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Mr. Heathcoat-Amory: I will give another example, then. This document says that the European Foreign Minister would not replace Foreign Ministers of the member countries, but article III-206 of the constitution clearly says that in the United Nations Security Council, the European Foreign Minister will replace the British Foreign Secretary when he is describing or defending a European position. So at the request of the European Foreign Minister, he has the right to replace the British Foreign Secretary. That is in the constitution.

Mr. MacShane: Again, the European Union cannot be a member of the UN Security Council—only its sovereign member states can. That is why Germany is seeking its own independent permanent seat on the Security Council. The existing practice in general UN bodies and discussions where the European Union has a common policy as represented by one of its functionaries is what is stipulated in the treaty—it carries on existing practice. The right hon. Gentleman knows as well as I do that the EU cannot become a member of the United Nations. With respect, he should not—I suppose that he has to—describe this procedure in a way that does not correspond to the reality of what is in the treaty or is the legal basis of how the UN can operate.

Mr. Heathcoat-Amory: I am not saying that the European Union would become a member of the United Nations—I am saying that the British Foreign Secretary would be replaced by the European Foreign Minister at the request of that European Foreign Minister. That is what it says in the European constitution. It is interesting that the Minister did not dispute that.

I will give the Minister another example. The Foreign Office document says that the European charter of fundamental rights

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Well, that is interesting; let me give him an example to the contrary. Article 13 of the charter, which forms the whole of part 2 of the constitution, says:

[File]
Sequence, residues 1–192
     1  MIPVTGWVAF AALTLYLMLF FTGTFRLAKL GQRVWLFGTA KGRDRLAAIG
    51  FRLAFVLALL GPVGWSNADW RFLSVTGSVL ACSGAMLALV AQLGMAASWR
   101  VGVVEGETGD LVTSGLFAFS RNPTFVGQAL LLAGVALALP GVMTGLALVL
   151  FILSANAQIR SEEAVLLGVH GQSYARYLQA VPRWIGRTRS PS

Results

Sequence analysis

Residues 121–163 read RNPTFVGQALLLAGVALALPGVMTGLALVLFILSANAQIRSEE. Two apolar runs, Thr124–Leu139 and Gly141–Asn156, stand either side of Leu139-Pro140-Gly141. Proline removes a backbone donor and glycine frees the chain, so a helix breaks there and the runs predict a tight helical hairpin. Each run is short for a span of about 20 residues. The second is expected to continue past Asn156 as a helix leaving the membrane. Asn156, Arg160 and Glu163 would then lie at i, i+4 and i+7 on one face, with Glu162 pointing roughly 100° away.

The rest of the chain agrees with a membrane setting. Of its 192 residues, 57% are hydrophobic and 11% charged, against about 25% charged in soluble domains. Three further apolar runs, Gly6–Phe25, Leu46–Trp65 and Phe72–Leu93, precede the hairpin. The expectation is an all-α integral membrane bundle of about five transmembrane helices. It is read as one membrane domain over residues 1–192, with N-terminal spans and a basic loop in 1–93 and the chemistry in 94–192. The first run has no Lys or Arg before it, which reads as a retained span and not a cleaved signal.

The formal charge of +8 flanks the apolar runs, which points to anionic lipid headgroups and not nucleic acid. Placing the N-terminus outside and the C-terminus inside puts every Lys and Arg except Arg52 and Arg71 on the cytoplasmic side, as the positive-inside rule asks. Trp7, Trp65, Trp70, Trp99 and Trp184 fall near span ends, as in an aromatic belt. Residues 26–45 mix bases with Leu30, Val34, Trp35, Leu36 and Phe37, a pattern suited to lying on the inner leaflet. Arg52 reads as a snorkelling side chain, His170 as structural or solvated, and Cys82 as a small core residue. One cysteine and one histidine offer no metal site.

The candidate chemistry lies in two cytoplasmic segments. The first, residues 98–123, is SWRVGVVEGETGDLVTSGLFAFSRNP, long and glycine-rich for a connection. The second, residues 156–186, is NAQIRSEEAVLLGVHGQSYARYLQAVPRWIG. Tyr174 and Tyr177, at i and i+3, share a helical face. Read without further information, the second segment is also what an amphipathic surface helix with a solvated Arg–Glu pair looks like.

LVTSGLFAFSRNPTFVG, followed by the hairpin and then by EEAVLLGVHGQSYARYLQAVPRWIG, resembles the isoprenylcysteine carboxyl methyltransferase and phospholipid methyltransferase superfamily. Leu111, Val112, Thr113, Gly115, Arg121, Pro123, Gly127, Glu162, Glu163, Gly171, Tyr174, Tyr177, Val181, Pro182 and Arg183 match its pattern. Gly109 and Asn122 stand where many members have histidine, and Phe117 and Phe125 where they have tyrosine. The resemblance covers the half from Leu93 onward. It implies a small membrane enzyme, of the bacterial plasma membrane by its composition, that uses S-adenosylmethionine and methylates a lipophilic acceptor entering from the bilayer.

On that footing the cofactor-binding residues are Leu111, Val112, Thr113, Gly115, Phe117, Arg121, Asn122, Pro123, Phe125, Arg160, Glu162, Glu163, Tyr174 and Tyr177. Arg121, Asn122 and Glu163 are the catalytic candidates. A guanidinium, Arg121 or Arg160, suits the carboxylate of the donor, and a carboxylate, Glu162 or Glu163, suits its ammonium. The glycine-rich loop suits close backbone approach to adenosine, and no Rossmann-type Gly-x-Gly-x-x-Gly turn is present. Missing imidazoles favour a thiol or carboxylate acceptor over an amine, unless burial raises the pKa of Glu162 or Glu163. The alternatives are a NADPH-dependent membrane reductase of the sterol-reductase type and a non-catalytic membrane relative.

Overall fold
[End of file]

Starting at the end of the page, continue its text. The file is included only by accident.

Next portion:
That is an unqualified guarantee that a scientist conducting experiments will not be able to be constrained by ethical considerations or considerations of animal welfare, so when the Union starts to legislate in the area of research and development—again, that is provided for in the constitution—a scientist who is constrained may well appeal under article 13 of the charter. There is nothing whatever about that in the existing treaties, nor in the separate European convention on human rights. It is a new right that clearly and explicitly extends rights into wholly new areas. It is therefore factually incorrect for the Foreign Office to claim the opposite.

Tony Baldry: My right hon. Friend is making some powerful points—although spiritually we may be slightly at odds in our approach to the European Union. During the referendum campaign on our accession to the European Union, the Government of the day did not publish any such documents. This document is clearly intended to influence public opinion on the referendum. If it is not accurate, surely it should be referred to the Electoral Commission, because there must come a point when it is partial electioneering as opposed to independent, objective advice given by the Government of the day.